Indigenous groups in Peru’s northernmost department of Loreto issued a communqué rejecting a mining concession approved by the Mining and Metallurgical Geological Institute (Ingemmet) in the Maynas region.
The 1000-hectare concession, granted to the local company Raíces Gaddaffy, sits in the upper basin of the Nanay River, which is a tributary of the Amazon River and the main source of fresh water for 500,000 people who live in the departmental capital, Iquitos, and nearby areas.
The river has a high fish species richness, including several that are of interest to the aquarium industry.
According to the Regional Organization of Indigenous Peoples of the East (Orpio), the river basin is already showing signs of pollution caused by more than 120 mining dredges that illegal groups have deployed.
“We want to warn the Loreto society about how badly similar experiences have turned out elsewhere, as is the case in the Madre de Dios region, where illegal mining has polluted rivers, caused local extinctions and biodiversity losses, and spurred criminal activities,” Orpio’s media statement reads. “We demand the immediate declaration of nullity of the concession as it threatens people’s lives, health and environment.”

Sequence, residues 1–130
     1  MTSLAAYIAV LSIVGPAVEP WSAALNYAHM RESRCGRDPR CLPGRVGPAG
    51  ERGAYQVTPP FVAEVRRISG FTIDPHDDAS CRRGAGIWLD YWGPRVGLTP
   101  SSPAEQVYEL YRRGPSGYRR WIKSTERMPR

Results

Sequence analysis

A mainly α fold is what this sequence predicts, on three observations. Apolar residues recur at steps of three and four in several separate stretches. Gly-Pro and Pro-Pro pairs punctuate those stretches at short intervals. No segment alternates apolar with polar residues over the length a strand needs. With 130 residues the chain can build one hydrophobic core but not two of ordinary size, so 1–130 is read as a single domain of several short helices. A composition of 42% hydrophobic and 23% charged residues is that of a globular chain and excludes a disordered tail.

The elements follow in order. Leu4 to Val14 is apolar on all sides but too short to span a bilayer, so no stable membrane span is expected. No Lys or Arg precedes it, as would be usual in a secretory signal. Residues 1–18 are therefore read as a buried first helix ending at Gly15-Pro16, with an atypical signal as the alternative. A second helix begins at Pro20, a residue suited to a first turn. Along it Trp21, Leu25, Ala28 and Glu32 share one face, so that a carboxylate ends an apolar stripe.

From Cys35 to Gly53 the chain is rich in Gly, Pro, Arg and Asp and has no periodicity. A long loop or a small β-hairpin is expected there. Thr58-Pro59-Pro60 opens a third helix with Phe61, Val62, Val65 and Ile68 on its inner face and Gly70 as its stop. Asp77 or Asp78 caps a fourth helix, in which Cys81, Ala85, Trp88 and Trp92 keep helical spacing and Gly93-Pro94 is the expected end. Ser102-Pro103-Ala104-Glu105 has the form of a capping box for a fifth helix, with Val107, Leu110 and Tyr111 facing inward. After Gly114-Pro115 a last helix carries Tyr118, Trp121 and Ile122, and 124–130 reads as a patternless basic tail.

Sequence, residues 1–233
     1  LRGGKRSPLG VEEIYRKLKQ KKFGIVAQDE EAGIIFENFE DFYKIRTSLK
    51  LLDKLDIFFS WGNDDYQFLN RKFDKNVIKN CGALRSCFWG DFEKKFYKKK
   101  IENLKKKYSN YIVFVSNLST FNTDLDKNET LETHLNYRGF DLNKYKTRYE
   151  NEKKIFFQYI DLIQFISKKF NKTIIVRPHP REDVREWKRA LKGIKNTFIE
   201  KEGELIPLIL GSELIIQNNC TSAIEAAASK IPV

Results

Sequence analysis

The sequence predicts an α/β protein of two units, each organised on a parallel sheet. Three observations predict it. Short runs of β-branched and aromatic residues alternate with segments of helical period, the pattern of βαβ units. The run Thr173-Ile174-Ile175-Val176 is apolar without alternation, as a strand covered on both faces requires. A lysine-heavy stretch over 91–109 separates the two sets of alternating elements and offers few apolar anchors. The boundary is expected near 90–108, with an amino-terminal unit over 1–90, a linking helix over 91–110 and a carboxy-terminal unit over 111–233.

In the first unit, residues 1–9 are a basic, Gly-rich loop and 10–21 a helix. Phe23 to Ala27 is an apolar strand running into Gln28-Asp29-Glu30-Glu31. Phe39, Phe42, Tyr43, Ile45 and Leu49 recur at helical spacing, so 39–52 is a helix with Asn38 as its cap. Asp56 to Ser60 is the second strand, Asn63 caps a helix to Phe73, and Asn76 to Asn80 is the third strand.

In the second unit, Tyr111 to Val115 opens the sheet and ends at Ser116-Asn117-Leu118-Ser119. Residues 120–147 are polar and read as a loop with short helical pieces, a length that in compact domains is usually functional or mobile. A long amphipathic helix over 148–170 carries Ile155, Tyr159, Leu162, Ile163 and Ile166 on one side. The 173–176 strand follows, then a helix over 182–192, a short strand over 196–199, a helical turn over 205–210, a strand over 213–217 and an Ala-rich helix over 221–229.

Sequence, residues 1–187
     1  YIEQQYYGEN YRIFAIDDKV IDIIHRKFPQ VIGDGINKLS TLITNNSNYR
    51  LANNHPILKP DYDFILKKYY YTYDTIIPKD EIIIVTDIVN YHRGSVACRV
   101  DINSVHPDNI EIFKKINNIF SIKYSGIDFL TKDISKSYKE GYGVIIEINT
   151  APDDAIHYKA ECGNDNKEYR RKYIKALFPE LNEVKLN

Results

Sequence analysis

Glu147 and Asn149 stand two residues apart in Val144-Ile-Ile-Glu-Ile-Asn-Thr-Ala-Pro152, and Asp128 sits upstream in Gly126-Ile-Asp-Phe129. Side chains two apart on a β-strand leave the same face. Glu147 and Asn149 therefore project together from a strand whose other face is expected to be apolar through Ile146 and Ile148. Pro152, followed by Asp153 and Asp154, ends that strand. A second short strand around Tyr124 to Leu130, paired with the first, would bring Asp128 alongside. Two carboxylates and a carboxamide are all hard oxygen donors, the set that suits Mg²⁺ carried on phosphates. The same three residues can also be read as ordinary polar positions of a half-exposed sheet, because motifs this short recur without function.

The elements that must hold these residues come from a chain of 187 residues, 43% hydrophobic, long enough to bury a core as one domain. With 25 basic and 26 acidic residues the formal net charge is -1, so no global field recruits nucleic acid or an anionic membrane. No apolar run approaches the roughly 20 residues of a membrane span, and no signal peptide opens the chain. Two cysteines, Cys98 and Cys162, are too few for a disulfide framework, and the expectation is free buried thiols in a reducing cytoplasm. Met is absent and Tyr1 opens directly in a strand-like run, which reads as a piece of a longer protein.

The Indigenous group is also pressing for government action to remove the dredgers that pollute the Nanay River and another 11 Amazonian rivers.
Prior to Orpio’s release, the Loreto College of Biologists expressed a similar position and pointed out that, by granting the concession, Ingemmet breached Regional Ordinance No. 006-2003-CR/RL, which declares the Nanay River basin as “an exclusion zone for mining extraction activities and other activities that alter the vegetation.”
The College also urged research institutions and relevant organizations to prioritize studies on the accumulation of mercury in people, fish and plants in the Nanay basin.
Mining.com reached out to Ingemmet for comment on the situation but did not receive an answer by publication time.
Source : Mining.com